Scot: You have to invest your time and you also have to usually invest some money in order to pay somebody else to do those tasks for you and one of the things that I think about somebody told me one time that is kind of stuck in my mind is think about how much what your time is worth and if something comes along across your desk that you can hand off to somebody and pay them less to do it then what your time is worth then that leverages your time and leverages your money to be able to delegate that to them.
JP: Yes, that’s a great point too. Delegation is huge, it’s one of the largest challenges most entrepreneurs face and it’s one of the most important ones to get corrected as quickly as possible.
Scot: I do want to say JP just for people who are listening; you don’t want to get discouraged if you don’t think you are a good delegater. I have survived for 29 years as not a good delegater. It just limits how much you can grow or you don’t necessarily achieve your maximum opportunity if you don’t delegate well, but you can still build a big good business without doing it, it’s just you can’t build a best business you are capable of without doing it.
JP: Plus it’s a lot more stressful because you are putting so much pressure on yourself and you end up working ridiculous hours.
Scot: Yes, the answer to every problem, if you don’t delegate well, the answer to every problem is to work more hours.
JP: Yes, that is true and that’s a quick way to put yourself in an early grave.
Scot: Yes, it has a lot of negative ramifications.
JP: Yes, it hurts your relationships with your kids, your spouse, your significant other; it hurts your health; it just hurts everything and it’s amazing.
Scot: All the things that lack of balance bring to your life is what that mindset creates.
JP: Yes, so how are you finding your team members? How are you assembling the team that you have been talking about?
Scot: I am really fortunate. I have got one team member who has been with me for almost 20 years and she is really kind of the backbone of the team. I have another, actually a partner that I have brought in, I shouldn’t say I brought in, we found each other about three years ago and so, between the two of us we found that we have a very natural delineation and we are the dictionary definition of opposites attract. If you had told me when I met this woman that I would be business partners with her, I would have laughed at the idea because we are so different, I never would have thought that it would be a compatible situation, but what we found is our differences are also our strength because what she does really well is a group of things that I can do, but I don’t do nearly as well as she does and what I do well the things that she can do, but she doesn’t do as well as I do and so it just goes together perfectly and it’s almost a seamless process that we go through working with clients where she handles a portion of it and I handle a portion of it and it just fits together extremely well and so those are two primary people right now, I am trying to bring in a technology oriented person, somebody in the investment business that’s got some experience that has some technology skills and savvy that they can help with some of the technology that we handle with managing websites, creating websites, managing different marketing campaigns that are done online and things like that. So, that’s kind of the next person that we are looking for right now and really the main thing I have done in the last couple of weeks is once I have made that decision that I wanted to find that person was just try to put the word out to people that I know who I think might know somebody like that, that I am looking for that.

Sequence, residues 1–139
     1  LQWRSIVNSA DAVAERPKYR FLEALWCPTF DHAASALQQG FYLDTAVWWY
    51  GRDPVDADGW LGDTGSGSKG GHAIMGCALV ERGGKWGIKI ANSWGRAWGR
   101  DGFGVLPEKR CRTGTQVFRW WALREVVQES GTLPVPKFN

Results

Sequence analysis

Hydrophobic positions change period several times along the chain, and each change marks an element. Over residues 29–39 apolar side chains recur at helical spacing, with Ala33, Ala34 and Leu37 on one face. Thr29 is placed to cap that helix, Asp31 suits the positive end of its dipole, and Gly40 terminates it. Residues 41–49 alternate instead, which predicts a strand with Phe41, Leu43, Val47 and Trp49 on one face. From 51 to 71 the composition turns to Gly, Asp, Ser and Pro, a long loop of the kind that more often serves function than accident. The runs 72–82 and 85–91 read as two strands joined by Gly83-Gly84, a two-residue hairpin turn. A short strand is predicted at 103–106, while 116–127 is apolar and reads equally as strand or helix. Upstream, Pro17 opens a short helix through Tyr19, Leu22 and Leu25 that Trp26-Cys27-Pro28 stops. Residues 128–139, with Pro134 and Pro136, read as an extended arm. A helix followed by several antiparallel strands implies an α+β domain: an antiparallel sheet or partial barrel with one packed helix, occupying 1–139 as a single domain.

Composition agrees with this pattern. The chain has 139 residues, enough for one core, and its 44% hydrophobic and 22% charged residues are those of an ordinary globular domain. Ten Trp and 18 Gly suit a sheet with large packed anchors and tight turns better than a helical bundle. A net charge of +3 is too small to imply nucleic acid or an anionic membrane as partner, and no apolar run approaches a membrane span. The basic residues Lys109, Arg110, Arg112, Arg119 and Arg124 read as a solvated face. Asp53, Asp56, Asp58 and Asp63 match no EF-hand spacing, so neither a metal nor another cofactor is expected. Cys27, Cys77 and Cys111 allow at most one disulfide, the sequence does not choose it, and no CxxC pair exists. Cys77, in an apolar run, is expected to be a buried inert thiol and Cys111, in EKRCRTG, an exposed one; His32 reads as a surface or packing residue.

JP: Okay, so word of mouth is definitely a good way to go. Even if you get a referral though, make sure you check references and look at their past work, don’t just take their word for it or your referral’s word for it. I have seen that go badly as well, but yes the best way to get somebody is a reference.
Scot: Yes, I have made that mistake in the past where I didn’t check things as thoroughly as I needed to and it came back to bite me.
JP: Yes, it does. So, we’ve been talking a little bit about my next question which is how do you handle stress? You are in the financial services business which is inherently stressful in addition to owning your own business which is also inherently stressful, so I would like to know how do you cope with all that stress, how do you deal with that on a daily basis?